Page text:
Whoa, sorry about that. The whole thing sort of spiraled out of control. That is unless you don’t care about it, in which case you don’t need to worry about this very public social media-fueled feud. But for those who are paying even a modicum of attention, the deluge of media coverage that has been given to M.I.A.’s reaction and Hirschberg’s clandestine sponsorship by the Coalition of Potato Farmers of Idaho has drowned out any serious discussion of the article. Believe me, I’ve Google’d. But wait, I tell you! There are a series of paragraphs near the beginning of the profile that you might have missed because of all the other distractions. I’d like to call your attention to them in order to give Diplo a lesson about what it means to be an artist.

It starts when M.I.A. relays her admiration for Madonna. Hirschberg writes:

Like Madonna, Maya is not a trained musician but instead a brilliant editor, able to pick and choose and bend the talents of others to fit her goals.

One page later, Hirschberg drops a quote from her talk with Diplo about the singer:

In the end, Maya is postmodern: she can’t really make music or art that well, but she’s better than anyone at putting crazy ideas into motion. She knows how to manipulate, how to withhold, how to get what she wants.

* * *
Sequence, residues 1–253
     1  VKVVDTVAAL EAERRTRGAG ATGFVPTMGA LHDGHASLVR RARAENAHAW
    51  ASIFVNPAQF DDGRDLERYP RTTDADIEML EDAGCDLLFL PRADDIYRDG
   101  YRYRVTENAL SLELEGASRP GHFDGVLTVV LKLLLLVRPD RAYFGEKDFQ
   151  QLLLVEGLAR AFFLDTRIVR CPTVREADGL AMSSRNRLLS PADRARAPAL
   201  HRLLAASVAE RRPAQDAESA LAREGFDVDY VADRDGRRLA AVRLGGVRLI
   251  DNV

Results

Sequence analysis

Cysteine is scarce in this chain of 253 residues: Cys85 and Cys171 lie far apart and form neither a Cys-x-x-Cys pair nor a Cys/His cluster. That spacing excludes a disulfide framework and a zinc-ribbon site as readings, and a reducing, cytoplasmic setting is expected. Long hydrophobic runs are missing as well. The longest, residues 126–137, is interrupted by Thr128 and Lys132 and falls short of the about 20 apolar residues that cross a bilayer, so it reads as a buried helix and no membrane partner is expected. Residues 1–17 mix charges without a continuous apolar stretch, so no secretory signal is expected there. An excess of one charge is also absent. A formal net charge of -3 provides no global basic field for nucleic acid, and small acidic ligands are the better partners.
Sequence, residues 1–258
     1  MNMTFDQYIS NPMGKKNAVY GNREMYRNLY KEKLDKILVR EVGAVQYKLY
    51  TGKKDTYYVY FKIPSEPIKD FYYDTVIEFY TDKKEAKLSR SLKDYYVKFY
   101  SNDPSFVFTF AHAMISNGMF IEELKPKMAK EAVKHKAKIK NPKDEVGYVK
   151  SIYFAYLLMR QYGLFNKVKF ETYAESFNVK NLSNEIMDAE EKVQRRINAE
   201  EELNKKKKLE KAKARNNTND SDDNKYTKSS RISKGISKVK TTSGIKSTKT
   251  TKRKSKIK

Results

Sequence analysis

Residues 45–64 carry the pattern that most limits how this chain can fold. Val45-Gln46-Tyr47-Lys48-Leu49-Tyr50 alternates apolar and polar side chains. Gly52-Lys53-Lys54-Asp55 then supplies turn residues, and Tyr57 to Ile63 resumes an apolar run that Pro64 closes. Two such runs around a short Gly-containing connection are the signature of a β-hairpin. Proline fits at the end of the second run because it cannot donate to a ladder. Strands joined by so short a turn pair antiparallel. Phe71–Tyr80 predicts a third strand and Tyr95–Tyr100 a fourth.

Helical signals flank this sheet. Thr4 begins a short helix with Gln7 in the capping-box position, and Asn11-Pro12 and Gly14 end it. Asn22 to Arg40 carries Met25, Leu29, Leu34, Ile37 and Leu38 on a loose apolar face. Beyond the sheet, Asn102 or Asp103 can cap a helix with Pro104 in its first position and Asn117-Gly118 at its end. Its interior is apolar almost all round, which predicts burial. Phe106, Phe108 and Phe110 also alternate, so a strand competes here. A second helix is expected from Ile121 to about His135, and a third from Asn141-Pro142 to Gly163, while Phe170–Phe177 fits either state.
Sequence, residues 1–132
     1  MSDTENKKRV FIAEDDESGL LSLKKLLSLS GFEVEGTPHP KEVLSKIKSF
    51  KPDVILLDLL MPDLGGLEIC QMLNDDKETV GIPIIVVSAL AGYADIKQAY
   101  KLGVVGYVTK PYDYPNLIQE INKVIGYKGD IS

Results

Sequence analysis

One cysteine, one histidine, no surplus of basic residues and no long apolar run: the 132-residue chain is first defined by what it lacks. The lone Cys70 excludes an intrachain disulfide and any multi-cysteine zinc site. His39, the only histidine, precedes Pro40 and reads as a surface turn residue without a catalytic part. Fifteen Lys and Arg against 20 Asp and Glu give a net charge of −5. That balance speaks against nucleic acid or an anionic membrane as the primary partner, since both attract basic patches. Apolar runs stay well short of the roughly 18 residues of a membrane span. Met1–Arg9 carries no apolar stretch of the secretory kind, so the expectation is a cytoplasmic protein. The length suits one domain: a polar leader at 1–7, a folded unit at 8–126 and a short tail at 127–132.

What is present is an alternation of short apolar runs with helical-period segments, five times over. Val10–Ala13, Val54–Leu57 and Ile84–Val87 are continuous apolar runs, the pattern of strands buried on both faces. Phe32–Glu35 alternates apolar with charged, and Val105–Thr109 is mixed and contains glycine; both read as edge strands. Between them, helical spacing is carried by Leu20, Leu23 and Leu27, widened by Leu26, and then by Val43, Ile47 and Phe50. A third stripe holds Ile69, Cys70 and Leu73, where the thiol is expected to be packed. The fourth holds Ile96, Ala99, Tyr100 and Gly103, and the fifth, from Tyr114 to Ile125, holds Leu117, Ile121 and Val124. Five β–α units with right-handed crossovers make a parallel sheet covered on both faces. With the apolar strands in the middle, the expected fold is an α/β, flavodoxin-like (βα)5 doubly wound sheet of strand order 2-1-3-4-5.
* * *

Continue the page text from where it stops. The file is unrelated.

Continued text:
For all of Hirschberg’s editing and editorializing, she lets these comments go without qualification. Does Hirschberg agree? Subtly, yes it seems this way. There is tacit agreement that M.I.A. is not an artist for a variety of reasons. Near the end of the profile, M.I.A. is describing her “crazy ideas” to two technically gifted designers. She wants the two women to incorporate some of her own designs with some of theirs. Despite the bewilderment and nervousness of the designers, they realize that they have been drafted onto Team M.I.A., and are now at her beck and call. As Hirschberg describes it, neither of the two fully comprehend M.I.A.’s ideas, but they wouldn’t dare disagree with her. She is the artist, she has the ideas, she wants them to be made real, and therefore she is the one calling the shots.

Repeat After Me: Art Is …

M.I.A. at Coachella 2009 (via flickr.com/rasmin)

I would argue that, that is what being an artist is all about, and that is why Diplo got it so wrong when he said that she can’t make art very well. The function of art may have changed over the years, but the command of the artist has remained relevant and important. Diplo’s statement implied a sentiment I’ve heard many times before, namely that the artist must do something personally, by hand, in order for it to be art. I’ve never believed this to be true at any point in history, but now it holds even less weight than ever.

I would like to banish that mode of thinking forever, but that would be the wrong thing to do. When we hear it over and over again, it forces us to continually reaffirm it’s lack of validity and pushes us to positively assert what it means to be an artist. So really Diplo was doing artists like M.I.A. a favor: he was wrong for the right reasons.